Posted On 9. February 2019 In Schoenstatters

On the altars of heaven and earth

BRAZIL, by Roberto M. González

The idea for this article began almost a year ago with another approach, but in view of recent events, it will be a tribute to Manfred M. Worlitschek, a Schoenstatt Brother of Mary, who died on 30 January 2019. —

Manfred’s life can be divided in two parts: The first half: his birth, studies, and entering the Schoenstatt Brothers of Mary Secular Institute, and the second half, when practically beginning again from scratch, he freely decided and jointly with the community to leave his native land, the original Schoenstatt, to go to Santa Maria, Brazil taking on the responsibility of carrying forward the Brothers of Mary’s business of manufacturing furniture.

Master organ builder

In Germany, Manfred was trained as a master of organs, which involves the design, construction, and repair of pipe organs. This work took him to different places in Brazil and other countries, to build, and repair a great number of organs.

With respect to the art of building organs, one of the most surprising explanations that Manfred shared with me was: “There is no organ in the whole world, or rather pipes of an organ that sound alike. They are like people.” Because the way every tube is made, the designer melts the metal in a mold until achieving the diameter and volume desired for different notes. Practically everything is made by “eyeballing it” and thanks to all the training received, so each pipe has some grams more or less in its material.

Simultaneously with his responsibilities in the business, Manfred was the adviser for the Southern Region of the Schoenstatt Men`s Youth (JUMAS), he supported the Men’s Branch in the region, he was superior of the Brothers of Mary in America, and then of last year’s congress of the Institute, he was elected as third counselor in the General Board of Directors of the Secular Institute of the Schoenstatt Sisters of Mary.

Carpenter of the Rosary Campaign

This is but a brief biography of Manfred M. Worlitschek, but the aim of this article, which I had hoped to work on with him in April, will center on an aspect of his work in charge of the business in Santa Maria: the production of Auxiliaries MTAs for the Schoenstatt Rosary Campaign and the altars with their respective altar pieces for our beloved shrines.

The business began operating in the fifties during the last century, and even Mario Hiriart, Servant of God, worked and taught students of the factory-school during his novitiate.

At the beginning, the main production was furniture, but then, Ernest M. Brandstetter, a Brother of Mary, added the production of altars to the catalog, since he had taken photos with all the details and measurements of the altar of the Original Shrine for his most exact reproduction. Later Joao Pozzobon, who had a very good relationship with the Brothers of Mary, since they were adjacent neighbors, asked Ernest to make the first Pilgrim Mothers, which later became the symbol of the Rosary Campaign.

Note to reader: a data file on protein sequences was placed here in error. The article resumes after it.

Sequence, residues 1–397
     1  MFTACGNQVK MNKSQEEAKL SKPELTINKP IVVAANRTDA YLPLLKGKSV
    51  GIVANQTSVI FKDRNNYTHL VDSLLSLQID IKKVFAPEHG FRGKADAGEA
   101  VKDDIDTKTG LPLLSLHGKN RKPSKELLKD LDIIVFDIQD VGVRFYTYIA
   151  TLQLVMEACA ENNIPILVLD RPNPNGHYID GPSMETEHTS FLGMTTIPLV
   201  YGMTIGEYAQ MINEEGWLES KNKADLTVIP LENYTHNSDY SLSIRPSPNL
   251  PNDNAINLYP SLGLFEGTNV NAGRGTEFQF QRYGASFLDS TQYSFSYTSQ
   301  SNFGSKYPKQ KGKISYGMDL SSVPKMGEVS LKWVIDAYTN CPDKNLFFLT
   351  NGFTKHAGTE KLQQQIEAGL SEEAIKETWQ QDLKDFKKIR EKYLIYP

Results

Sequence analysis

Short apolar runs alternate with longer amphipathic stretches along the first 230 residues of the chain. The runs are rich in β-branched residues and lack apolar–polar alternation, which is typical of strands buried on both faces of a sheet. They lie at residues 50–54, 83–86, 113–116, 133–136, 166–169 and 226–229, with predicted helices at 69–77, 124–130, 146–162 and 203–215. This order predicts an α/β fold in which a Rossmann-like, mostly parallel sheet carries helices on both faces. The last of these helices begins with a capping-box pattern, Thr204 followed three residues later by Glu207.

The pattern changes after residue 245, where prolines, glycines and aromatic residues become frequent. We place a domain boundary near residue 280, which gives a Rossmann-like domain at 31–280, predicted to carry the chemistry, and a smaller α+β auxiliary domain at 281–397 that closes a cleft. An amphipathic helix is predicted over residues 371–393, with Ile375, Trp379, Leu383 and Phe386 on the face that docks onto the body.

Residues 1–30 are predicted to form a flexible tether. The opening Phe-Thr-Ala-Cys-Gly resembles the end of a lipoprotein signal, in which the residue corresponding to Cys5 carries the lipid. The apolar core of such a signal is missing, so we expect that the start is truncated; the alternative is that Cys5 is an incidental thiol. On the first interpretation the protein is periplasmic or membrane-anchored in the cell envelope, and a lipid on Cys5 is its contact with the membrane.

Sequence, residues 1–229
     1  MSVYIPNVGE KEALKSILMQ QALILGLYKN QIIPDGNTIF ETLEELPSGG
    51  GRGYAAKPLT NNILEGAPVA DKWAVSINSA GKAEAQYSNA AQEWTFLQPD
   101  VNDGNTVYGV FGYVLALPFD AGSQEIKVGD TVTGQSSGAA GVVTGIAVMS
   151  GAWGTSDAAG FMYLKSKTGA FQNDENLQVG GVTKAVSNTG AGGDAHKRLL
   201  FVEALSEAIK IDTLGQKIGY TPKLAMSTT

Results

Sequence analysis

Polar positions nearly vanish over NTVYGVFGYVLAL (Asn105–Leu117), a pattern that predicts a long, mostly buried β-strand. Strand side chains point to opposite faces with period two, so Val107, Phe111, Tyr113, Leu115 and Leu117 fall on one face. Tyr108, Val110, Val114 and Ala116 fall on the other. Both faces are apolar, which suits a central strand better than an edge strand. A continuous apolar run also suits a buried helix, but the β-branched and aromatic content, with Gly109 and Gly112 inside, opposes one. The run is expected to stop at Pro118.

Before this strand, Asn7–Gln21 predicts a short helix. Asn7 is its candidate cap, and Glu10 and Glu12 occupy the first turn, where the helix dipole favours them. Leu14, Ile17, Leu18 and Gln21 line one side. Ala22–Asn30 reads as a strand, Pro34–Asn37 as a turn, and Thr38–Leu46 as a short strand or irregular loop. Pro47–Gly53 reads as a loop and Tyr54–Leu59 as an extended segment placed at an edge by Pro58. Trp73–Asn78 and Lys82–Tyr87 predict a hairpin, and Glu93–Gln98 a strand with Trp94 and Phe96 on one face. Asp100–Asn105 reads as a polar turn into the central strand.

When the business passed into Manfred’s hands, he incorporated the manufacture and restoration of pipe organs, and he continued to manufacture furniture, Auxiliaries for the Rosary Campaign and altars.

During my visit to Santa Maria, exactly a year ago, I visited the workshop and observed what happened behind the scenes. It was then that I saw him, with the three altars for our beloved shrines in full production, bare, since it was only cut, unfinished, and unstained wood.

At first, I dedicated myself to observing every detail of the altar and its different cut parts that were in process in the workshop. Then Manfred, who had a very acute sensitivity for the supernatural, began to explain some details and meanings of the parts of the altar and altarpieces.

 

The shrines’ altars

There are endless details and meanings, which we do not usually observe, since with the varnish, the flowers, candles and distance they go unperceived. One example is the different flowers and flourishing seeds that decorate the altarpiece beginning at the sides of the tabernacle.

There are other details that we see daily, but we do not know what they mean, like the small cups that are above the same altar piece, which symbolize two funerary urns, or the shields that are at the sides of the tabernacle, that at some time were communion benches. The columns that emerge from the sides of the tabernacle are slightly finer in the measure that they go up, toward the Blessed Mother’s picture.

Each one of the details is made individually and then mounted as a whole. A year ago, when I saw these bare altars for the first time, unaware that they would be the last ones, I was surprised at the amount of detail and the work involved in making them.

In the entire history of the business, more than fifty altars have been made, which now are spread throughout the world in: Germany, Argentina, Australia, Brazil, Spain, the United States, India, Puerto Rico, the Dominican Republic, Uruguay, Portugal, and Paraguay. One of the last ones delivered was the altar for the Resistencia, Argentina Shrine.

Now when I go to the Tabor Shrine, here at Marienberg in Schoenstatt, I see his life, self-giving, and mission reflected in each one of the details of the altar and altar pieces, although they were not built by him.

 

 

 

Thank you very much!  Manfred M. Worlitschek!

Original: Spanish. 31 January 2019. Translation: Celina M. Garza, San Antonio, TX USA. Edited: Melissa Peña-Janknegt, Elgin, TX USA

 

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